Baby Blues

Cranford Local 52 members get reacquainted with the parents of an infant they helped deliver

From left, Cranford Local 52 member James Knight, Noberto Chaves, baby Lucas Chaves, Gina Chaves and member Tom Bell.

Cranford Local 52 members Tom Bell and James Knight revisited the scene of a baby delivery on Jan. 14 — a delivery in which Bell untangled the umbilical cord that was wrapped around the baby’s neck, making him instrumental in bringing Lucas Chaves to life.

The two officers stood proudly for a photo with parents Gina and Noberto — along with baby Lucas — as they remembered the chaotic events of Dec. 20, when the baby was born.

“The whole delivery process felt like five to seven minutes,” Bell recalled. “You don’t hear about home deliveries too often, but baby Lucas had a unique start to his life. He’s got great parents, so I know he’s going to have a wonderful, happy life.”

Bell was first on the scene after county dispatchers relayed a 911 call about a stillbirth around 8:30 a.m. on a Sunday. He found the mother, Gina, hovering over the toilet bowl in the first-floor bathroom.

“Something is wrong,” she told him.

Bell asked Gina how far she was in the delivery process and whether she had been taking Lamaze lessons so that he could determine his next move. It turned out the baby was only crowning, meaning this wasn’t a stillbirth. He had the mother lie down on the bathroom floor and asked Noberto to bring pillows blankets and to keep her comfortable.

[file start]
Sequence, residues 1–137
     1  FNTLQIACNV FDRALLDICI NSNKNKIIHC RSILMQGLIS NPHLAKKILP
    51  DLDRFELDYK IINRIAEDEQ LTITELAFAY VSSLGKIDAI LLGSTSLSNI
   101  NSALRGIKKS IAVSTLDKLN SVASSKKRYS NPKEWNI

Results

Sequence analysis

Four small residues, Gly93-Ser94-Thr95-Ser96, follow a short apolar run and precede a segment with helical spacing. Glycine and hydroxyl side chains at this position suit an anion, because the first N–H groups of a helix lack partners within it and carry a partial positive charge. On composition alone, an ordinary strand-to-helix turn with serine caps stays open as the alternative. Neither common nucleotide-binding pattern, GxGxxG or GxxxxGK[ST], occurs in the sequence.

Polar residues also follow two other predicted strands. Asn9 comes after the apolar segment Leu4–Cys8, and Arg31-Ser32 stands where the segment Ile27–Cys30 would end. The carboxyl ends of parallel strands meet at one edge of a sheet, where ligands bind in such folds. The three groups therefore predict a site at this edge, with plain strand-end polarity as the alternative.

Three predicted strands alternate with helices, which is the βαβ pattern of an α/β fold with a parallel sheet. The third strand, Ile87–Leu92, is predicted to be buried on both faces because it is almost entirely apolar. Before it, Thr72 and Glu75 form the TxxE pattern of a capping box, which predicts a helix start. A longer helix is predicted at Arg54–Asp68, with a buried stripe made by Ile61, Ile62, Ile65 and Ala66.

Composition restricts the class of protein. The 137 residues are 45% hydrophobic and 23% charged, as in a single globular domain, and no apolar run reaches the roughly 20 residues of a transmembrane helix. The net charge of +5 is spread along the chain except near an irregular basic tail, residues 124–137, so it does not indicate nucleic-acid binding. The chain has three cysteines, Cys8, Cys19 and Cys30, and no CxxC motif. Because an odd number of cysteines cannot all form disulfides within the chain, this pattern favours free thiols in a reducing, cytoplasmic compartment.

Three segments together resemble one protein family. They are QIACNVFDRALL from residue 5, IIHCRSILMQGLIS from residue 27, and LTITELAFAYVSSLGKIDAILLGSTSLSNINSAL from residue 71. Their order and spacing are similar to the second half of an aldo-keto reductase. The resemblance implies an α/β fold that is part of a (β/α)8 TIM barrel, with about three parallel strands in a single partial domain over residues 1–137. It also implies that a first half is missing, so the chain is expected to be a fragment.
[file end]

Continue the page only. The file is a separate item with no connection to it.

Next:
As Bell was preparing the mother for delivery, Knight arrived on the scene. Suddenly, the baby’s head and shoulders popped out.

“I could see at that point the umbilical cord was wrapped around its neck twice,” Bell noted. “I was able to support the head and shoulder with one hand and used the other hand to untangle the cord. When I got the cord untangled once, the rest was easy.”

Right around the time Bell freed the baby from the umbilical cord, the volunteer first aid squad arrived, but limited space in the bathroom prevented Bell from switching with the medics.

“For better or for worse, I was just in it,” Bell remarked.

Shortly after, the parents and officers were relieved to hear the baby cry as he fully emerged. The baby was wrapped in a clean blanket and given to Gina, then Bell was able to exit while the paramedics went in to finish cleaning up the baby, cut the umbilical cord and start the afterbirth process like taking vitals. At around 9:30 a.m., the officers cleared out of the home while the new mother and baby were taken to St. Barnabas Medical Center for evaluation.

This was Bell’s second time on the scene of a baby delivery, but his first time delivering the baby himself.

“It was a little surreal since the first time was just an assist. But this was all me from basically beginning to end,” Bell said. “I don’t think it really hit until I got home. I took a breath and it finally sank in, and I was like, ‘Wow, this really happened.’”

When Bell and Knight went back to the Chaves home, they were greeted by a gracious and appreciative Gina and Noberto. The parents even bought the officers lunch one day after the birth.

“[The delivery] certainly had its unique stress factors,” Bell said. “But a call like that where it turns out so well — that’s the aspect of the job you want to take home with you.”